Much like its predecessor, Resistance is chock-full of pop culture references. The full list is too long to list, much less analyze here, but two in particular stand out: Guillermo Del Toro's Pacific Rim (2013) and Hideki Anno's Shin Seiki Evangelion/Neon Genesis Evangelion (1995). In firm keeping with these books as focusing on characters and authors not from whitebread environments, this was fitting. And more than that, the references were interesting and thoughtful.
Kaiju and mecha are delightfully invoked starting on page one, when a giant lobster kaiju pops out of the ocean and "does what every kaiju must," that is, attempt to level Tokyo. Norio's crack team of anonymous mecha pilots, ARMOR ("Advanced Robot for Monster Onslaught Resistance"), quickly jump into action, slaying the monster. There's some ribbing at the SFX and poor physics involved in kaiju, but it's entirely affectionate.
The references to Evangelion run deeper. Norio is shown to be very anti-supers, explaining that he finds them against the natural order. However, his right-hand woman Azusa defends the supers:
"You think of it as a disease," says Azusa. "But the world thinks of it as evolution" (p. 97). Furthermore, Azusa believe that this form of evolution is not only acceptable, but a positive force: "The supers aren't just an improvement themselves, Norio, they're helping us grow as well. If that isn't evolution, what is?" (p. 98).
What Azusa misses is that evolution can be both a constructive and destructive force. Even if supers are good people doing good things, that doesn't mean they will ultimately benefit all humanity. In contrast to Azusa, Utopic grasps this point, and has concluded that the world as we know it needs to be destroyed and rebuilt, if it is to survive the existence of supers. Many people will die, but that's still preferable to total annihilation.
Compare this with Evangelion, which features mechas, kaiju in the form of "angels," supernatural super-humans, and a shadowy organization dedicated to "evolving" humans, by way of inducing an apocalypse on Earth. Both narratives avoid chaotic-evil villains who enjoy massacring humans, instead opting for antagonists who are, albeit in irredeemably horrific ways, genuinely attempting to preserve humanity in the face of enormous odds.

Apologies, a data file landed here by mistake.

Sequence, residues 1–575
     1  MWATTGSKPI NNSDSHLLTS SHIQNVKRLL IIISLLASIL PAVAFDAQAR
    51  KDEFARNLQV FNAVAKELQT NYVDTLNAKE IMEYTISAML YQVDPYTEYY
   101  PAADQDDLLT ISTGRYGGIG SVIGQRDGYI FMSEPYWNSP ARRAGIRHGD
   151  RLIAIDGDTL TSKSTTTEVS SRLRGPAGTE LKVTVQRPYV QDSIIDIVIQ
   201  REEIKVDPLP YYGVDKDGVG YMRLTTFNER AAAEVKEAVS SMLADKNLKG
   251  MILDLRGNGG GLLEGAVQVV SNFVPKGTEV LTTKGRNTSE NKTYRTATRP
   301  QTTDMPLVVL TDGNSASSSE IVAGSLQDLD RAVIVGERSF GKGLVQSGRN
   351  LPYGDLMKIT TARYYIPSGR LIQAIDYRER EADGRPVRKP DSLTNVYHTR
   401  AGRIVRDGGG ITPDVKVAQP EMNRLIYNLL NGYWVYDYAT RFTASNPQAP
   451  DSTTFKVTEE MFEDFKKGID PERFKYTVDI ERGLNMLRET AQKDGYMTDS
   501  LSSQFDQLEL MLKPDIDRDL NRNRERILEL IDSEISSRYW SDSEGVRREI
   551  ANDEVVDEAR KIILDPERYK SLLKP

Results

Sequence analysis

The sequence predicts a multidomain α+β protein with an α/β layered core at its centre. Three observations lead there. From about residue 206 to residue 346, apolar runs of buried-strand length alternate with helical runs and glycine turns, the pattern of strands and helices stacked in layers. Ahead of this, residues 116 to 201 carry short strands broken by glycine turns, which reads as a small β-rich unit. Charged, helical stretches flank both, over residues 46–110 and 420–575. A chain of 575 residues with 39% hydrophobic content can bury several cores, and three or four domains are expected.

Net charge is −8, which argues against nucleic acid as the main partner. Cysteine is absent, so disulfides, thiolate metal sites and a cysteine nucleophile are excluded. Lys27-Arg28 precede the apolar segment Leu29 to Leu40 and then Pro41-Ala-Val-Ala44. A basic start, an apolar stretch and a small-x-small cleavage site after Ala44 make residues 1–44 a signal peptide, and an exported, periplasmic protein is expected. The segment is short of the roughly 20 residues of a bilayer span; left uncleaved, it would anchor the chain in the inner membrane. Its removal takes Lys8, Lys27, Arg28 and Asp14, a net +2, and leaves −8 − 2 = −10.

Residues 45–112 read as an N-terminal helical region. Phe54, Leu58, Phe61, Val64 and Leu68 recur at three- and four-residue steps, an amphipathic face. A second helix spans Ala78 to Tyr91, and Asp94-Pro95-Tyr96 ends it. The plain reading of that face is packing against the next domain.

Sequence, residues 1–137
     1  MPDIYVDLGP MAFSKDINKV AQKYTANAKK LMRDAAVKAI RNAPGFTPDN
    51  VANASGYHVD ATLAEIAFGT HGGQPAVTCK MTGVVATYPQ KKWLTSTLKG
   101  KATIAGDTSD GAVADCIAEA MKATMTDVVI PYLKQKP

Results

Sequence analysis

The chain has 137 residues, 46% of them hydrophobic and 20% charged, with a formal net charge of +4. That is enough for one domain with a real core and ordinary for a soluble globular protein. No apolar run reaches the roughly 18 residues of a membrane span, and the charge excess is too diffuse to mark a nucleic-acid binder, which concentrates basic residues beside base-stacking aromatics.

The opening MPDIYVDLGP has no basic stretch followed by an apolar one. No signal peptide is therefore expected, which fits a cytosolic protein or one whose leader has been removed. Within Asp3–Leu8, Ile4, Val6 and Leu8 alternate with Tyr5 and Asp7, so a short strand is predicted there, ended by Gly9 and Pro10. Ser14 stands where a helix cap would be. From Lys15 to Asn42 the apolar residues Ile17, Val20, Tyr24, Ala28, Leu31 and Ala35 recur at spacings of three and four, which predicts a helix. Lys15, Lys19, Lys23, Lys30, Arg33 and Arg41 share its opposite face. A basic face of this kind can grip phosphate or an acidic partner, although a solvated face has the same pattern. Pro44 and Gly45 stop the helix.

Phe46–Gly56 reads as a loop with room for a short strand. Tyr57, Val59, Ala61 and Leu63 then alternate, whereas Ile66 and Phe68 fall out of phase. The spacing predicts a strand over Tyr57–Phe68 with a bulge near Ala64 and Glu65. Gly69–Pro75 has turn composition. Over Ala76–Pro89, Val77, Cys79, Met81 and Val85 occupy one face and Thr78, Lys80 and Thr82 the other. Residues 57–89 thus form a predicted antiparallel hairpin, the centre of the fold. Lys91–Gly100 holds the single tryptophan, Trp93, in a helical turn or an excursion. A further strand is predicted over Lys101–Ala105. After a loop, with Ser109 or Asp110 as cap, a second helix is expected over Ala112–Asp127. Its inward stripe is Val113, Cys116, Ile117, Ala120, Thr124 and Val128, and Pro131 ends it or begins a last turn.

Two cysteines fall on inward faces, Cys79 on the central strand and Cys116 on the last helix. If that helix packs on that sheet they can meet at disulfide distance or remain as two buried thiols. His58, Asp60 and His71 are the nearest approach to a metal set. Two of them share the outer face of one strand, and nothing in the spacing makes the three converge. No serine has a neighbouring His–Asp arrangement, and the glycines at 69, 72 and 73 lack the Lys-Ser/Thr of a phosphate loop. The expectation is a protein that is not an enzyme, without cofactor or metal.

Both works raise probing questions about the price of human survival, in between all the power-beams and mecha-suits: Is it better to focus resources on saving people from a threat, or on searching for a solution to the threat? Is there a point to fighting evolution or nature? How much should the human race sacrifice in the name of existence? Whom should we allow to make these decisions?
Resistance, however, never seriously tries to answer these questions. This is my only complaint about the book: it is a smart but casual narrative, and its constant raising of complex issues that it then dodges frustrated me. I don't look down on "popcorn entertainment." I loved Pacific Rim, in part because it made no pretensions to be anything other than a gorgeous movie with big machines punching giant monsters. Basu isn't a debut writer, yet I wonder if this is a manifestation of writerly insecurity—raising these questions because he feels like he has to make intellectual gestures, instead of being confident that his story does not require these trimmings. In this way, sometimes Basu's own cleverness detracts from the focus of his book.
But even my criticism sums up to actually wishing that the author would get back to the pyrotechnics, the wisecracks, the superhumans with human flaws, and the weird and wonderful powers that abound in this world. I'm highly looking forward to the next book in the series, and I've already got my popcorn at the ready.
Z. Irene Ying is a research scientist and science writer. She blogs about the science in pop culture (and every so often, the science in real life) at Aperture Science Journal Club.